The K-12 education sector has historically lacked high-quality sources of information about school performance, but to a large extent that is because the vast majority of students attend their assigned district school. With little to no other educational options, there has been little parental need for information to compare competing options. And without much in the way of competition, existing private schools don’t feel great pressure to be forthcoming about performance data. However, as states implement educational choice policies, the demand for information will increase and schools that refuse to share their data will be at a competitive disadvantage. We are already seeing parents to turn organizations like GreatSchools.org and Niche.com to find information about schools they are considering and we should expect to see more organizations emerge as demand increases.
School choice programs that merely fill empty seats are not enough. They won’t bring the transformative change that Milton Friedman and others predicted. Modest choice programs produce modest results. It’s time to go bold.
Lots of good points here, Jason. Thank you. My only two observations are 1) there tend to be too many apples and oranges comparisons on these matters and 2) parents know good schools when they see them. On #1 it’s rare that you get a true market in education in the U.S. let alone a free market, so the comparison with supermarkets (as in grocery stores) is unpersuasive. Do we compare d’Agostino’s and Zabars? Education is so regulated in this country (the most kids go to “government schools”) that it is more appropriate to see public schools as a public utility rather than a retail operation. The question we need to ask is the one Ivan Illich raised in his forgotten classic, Deschooling Society, do we need any kind of formal education system? Right now, the only proper comparison is between the state Transportation Department and the state Education Department on the one hand, or between Catholic Schools and Success Academy (or Exeter and Choate) on the other. As to #2, I have worked in and around many “dysfunctional” public schools with parents with modest to no education and I can tell you, the parents know when a school is not working–and they know long before the test results come out. Has anyone done a correlation study comparing hallway cleanliness and test results? How about teacher/administration response time to a parent phone call? Bad schools tend to be bad at all levels, including the nonworking clocks on the walls, the broken toilets and, “Why did my son get suspended for four weeks?” All I know is that after 20 years in the school observation business I know that good curriculum (a la E.D. Hirsch) and good management (a la Eva Moskowitz) will produce good test scores and educated kids. We’ve had a few enlightened dictators in the public sector, but the private sector (with the immediate need to produce results) tends to produce better results. My 2 cents.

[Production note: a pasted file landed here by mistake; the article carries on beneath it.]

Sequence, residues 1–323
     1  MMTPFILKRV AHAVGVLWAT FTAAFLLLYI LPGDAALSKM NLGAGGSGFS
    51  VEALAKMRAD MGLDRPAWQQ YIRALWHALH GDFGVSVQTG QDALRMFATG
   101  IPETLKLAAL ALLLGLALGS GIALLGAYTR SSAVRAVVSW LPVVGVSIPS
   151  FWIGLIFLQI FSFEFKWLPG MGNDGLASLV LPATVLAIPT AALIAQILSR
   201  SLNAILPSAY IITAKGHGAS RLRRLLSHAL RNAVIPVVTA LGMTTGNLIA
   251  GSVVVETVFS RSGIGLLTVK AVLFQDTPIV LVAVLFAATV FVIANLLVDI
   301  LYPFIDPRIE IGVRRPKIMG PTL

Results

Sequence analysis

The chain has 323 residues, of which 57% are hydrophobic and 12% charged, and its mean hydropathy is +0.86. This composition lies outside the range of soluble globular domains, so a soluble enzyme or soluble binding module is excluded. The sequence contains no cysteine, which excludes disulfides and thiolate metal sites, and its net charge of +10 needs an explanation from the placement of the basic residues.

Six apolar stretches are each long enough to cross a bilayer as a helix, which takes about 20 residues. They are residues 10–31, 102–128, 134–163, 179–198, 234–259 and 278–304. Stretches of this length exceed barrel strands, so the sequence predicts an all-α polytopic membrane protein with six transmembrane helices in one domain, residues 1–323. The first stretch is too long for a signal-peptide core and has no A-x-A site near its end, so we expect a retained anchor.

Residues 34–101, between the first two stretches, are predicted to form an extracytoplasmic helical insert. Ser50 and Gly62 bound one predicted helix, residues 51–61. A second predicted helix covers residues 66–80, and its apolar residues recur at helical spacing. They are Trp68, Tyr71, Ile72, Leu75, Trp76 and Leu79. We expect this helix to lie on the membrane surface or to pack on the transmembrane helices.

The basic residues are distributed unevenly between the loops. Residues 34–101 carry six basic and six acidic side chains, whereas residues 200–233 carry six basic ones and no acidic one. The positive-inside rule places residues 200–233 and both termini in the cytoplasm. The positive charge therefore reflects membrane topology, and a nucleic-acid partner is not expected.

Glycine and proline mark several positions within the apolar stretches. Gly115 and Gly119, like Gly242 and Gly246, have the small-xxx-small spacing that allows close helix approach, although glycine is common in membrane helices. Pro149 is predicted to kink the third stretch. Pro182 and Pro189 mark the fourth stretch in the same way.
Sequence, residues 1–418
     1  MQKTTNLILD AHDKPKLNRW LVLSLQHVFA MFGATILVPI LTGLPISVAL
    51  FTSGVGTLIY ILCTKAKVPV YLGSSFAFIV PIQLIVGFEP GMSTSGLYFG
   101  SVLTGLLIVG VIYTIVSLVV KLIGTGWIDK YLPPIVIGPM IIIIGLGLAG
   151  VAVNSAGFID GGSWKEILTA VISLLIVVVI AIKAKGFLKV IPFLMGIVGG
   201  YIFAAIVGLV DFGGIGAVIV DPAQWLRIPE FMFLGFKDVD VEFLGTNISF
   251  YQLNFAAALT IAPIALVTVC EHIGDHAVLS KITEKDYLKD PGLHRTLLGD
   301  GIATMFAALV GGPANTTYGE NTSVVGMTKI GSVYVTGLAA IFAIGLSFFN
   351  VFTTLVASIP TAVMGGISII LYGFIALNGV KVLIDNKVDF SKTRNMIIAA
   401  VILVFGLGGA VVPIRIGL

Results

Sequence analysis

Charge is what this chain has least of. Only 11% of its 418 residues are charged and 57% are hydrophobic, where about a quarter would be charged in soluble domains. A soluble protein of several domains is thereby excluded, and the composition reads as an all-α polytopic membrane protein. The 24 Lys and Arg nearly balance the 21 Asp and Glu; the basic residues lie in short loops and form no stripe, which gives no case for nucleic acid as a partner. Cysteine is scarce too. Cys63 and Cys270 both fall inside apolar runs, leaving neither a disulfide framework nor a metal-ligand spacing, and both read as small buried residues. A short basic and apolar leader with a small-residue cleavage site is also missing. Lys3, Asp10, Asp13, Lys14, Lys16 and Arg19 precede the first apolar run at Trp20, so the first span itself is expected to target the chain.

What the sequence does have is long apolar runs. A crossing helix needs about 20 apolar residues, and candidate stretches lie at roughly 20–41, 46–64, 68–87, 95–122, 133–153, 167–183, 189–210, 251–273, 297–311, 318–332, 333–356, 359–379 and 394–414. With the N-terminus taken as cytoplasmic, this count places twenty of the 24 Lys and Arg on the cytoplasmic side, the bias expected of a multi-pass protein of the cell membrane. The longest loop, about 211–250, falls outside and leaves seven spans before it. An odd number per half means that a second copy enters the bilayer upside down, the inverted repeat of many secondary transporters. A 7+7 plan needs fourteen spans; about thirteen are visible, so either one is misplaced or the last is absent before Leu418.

On- the-job training is education. Minimum wage laws, child labor laws, and compulsory school attendance laws put this form of education off limits to most children.
School choice currently produces small gains because current policy confines parents’ options to schools than look like the NEA/AFT/AFSCME cartel’s inefficient-by-design facilities.
Please read Ted Kolderie, “Does Confining Young People to Adolescence Need Rethinking” (__Minnesota, Journal__, May 18, 1999).
Please read E. G. West, “Education Without the State”: …
“What is needed is choice in education. School choice has not and will not lead to more productive education because the obsolete technology called ʺschool” is inherently inelastic. As long as ʺschoolʺ refers to the traditional structure of buildings and grounds with services delivered in boxes called classrooms to which customers must be transported by car or bus, ʺschool choiceʺ will be unable to meaningfully alter the quality or efficiency of education.”
p.s. good piece by Ashley Berner “re-imagining school choice debates”: https://www.the74million.org/article/opinion-re-imagining-school-choice-debates. can we have a modern e pluribus unum in education?
Concrete suggestions are needed for helping middle-income parents whose kids are trapped in a failing public school system. They aren’t rich enough to afford private schools, and they aren’t poor enough for their kids to get a voucher or a seat at a charter school. What would give these parents some modicum of control over the school curriculum their children receive in a “public school”?
Suggestions? Depends on State laws.
1. Revive dame schools. Nothing in Hawaii Revised Statutes requires homeschooling parents to supply instruction between 0800 1nd 1430. You can legally extend daycare to age 17 and then take the GED. Get six families together and hire a recent Biology or Zoology graduate to take eight children aged 6+ into her home (Science majors can teach English and History, but Humanities majors cannot teach Math or Biology).